A New York Genome Consortium-led team plans retrospective and prospective analyses on very rare cancers in the hopes of improving treatment options available for patients.
The testing programs are financially supported by the drugmakers, and will allow Invitae to provide free testing and genetic counseling for rare inherited retinal disease and primary immunodeficiencies.
In patients with a range of rare diseases, RNA sequencing in blood had a 7.5 percent diagnostic rate and identified candidate genes in 16.7 percent of cases.
Silence Therapeutics aims to use the database to help identify new drug targets, as well as for patient recruitment and stratification in clinical trials.
Parents of children with rare genetic disease have to contend with shifts in the interpretation of genetic variants, the Wall Street Journal reports.
The Genomics4RD platform is focused on data harmonization from research collaborations across Canada, but its developers are eyeing a future in the clinical market.
Centogene said it will conduct molecular diagnostic testing using deletion/duplication analysis and full-length sequencing of the DMD gene.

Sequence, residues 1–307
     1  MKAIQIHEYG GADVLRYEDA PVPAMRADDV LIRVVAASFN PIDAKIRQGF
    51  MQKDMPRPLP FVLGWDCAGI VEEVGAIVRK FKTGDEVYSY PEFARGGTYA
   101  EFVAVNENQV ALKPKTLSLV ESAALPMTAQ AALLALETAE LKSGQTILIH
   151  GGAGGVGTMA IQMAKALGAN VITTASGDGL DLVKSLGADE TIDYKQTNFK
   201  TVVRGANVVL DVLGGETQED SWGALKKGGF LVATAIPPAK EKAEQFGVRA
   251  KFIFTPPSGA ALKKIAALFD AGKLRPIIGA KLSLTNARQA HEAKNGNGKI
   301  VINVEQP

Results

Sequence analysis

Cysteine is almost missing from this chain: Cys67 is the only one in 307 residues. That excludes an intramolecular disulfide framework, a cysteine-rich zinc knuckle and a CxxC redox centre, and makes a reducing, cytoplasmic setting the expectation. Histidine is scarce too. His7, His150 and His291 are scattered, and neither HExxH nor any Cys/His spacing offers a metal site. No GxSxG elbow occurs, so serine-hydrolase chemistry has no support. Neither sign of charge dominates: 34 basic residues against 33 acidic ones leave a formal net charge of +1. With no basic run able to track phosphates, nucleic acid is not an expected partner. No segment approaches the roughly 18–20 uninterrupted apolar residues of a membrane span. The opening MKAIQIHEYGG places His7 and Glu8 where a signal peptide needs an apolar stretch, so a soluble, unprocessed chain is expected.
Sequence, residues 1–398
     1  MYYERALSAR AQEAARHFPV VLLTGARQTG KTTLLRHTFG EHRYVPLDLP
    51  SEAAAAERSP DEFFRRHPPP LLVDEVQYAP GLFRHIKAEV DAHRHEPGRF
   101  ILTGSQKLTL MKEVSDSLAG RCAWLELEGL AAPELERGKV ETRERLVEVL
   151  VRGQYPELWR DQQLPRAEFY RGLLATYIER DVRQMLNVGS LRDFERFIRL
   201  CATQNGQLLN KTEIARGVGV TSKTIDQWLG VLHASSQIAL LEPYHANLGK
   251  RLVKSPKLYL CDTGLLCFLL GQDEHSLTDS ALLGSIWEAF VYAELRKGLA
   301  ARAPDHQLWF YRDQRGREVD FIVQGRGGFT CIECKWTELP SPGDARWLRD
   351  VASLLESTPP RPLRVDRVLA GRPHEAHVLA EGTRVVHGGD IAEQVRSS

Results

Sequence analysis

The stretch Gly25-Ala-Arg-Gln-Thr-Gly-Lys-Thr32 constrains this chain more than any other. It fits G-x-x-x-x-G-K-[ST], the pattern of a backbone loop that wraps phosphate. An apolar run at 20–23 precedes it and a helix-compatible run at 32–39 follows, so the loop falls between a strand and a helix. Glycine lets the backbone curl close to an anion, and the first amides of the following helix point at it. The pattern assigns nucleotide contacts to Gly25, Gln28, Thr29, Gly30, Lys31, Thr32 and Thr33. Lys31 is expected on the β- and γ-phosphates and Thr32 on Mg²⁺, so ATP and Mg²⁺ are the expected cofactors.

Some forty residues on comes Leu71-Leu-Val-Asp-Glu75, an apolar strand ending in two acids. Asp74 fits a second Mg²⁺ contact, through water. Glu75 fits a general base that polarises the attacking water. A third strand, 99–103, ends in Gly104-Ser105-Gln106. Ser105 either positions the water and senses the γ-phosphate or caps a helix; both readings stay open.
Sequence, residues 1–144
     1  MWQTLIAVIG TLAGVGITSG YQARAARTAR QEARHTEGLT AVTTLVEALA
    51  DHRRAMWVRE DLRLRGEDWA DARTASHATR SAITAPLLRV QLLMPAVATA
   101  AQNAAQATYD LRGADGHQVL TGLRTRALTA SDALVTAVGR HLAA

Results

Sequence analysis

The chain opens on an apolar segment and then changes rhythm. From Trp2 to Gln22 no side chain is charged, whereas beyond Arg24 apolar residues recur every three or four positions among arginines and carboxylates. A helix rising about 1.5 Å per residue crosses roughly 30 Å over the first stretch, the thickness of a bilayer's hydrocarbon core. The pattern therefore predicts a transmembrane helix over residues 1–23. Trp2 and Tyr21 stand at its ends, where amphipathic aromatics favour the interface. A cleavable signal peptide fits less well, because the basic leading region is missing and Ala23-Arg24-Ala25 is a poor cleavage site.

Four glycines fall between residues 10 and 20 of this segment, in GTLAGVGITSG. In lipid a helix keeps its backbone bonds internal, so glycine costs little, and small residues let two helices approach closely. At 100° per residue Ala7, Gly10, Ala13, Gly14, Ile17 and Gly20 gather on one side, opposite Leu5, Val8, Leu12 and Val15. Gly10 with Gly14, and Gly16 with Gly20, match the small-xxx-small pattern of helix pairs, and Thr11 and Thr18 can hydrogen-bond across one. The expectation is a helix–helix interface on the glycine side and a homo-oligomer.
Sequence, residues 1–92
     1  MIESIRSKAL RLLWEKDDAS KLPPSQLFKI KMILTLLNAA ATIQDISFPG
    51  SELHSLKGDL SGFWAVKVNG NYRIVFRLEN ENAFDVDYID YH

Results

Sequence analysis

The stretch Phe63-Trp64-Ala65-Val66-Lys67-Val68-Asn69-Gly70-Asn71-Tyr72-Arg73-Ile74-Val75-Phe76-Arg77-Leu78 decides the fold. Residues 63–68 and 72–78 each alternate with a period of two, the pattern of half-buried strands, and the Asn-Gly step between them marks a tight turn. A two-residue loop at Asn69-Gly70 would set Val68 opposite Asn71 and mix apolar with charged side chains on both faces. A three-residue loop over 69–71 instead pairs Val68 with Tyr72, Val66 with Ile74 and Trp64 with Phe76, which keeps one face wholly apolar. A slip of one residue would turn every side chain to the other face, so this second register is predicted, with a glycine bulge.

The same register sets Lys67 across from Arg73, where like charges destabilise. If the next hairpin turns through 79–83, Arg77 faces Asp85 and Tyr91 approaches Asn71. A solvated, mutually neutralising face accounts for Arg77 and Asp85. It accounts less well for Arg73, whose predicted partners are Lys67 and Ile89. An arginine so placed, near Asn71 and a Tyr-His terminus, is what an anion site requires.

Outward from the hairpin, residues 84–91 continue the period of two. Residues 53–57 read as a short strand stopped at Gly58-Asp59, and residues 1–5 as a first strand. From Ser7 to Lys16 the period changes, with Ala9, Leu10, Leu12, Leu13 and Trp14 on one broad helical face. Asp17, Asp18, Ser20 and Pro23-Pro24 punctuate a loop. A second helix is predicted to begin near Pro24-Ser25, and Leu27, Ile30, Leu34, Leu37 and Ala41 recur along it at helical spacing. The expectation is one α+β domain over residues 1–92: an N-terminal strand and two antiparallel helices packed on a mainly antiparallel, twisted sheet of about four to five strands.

As part of the collaboration, Belgium-based Diploid will integrate Genomenon's Mastermind genomic search engine into its Moon diagnostic software.
The UK informatics startup has received funding from Innovate UK to implement an informatics platform for physicians to identify patients for genomic testing.
This embargo-free strategy represents "an entirely new way of doing research" into rare pediatric cancers, where time is of the essence.
The Wall Street Journal looks into FamilyTreeDNA's handling of genetic genealogy searches by law enforcement.
In a point-counterpoint in the Boston Globe, researchers discuss the potential of gene editing to prevent Lyme disease, but also the pitfalls of doing so.
MIT's Technology Review reports that researchers hope to develop a CRISPR-based pain therapy.
In Science this week: atlas of malaria parasites' gene expression across their life cycles, and more.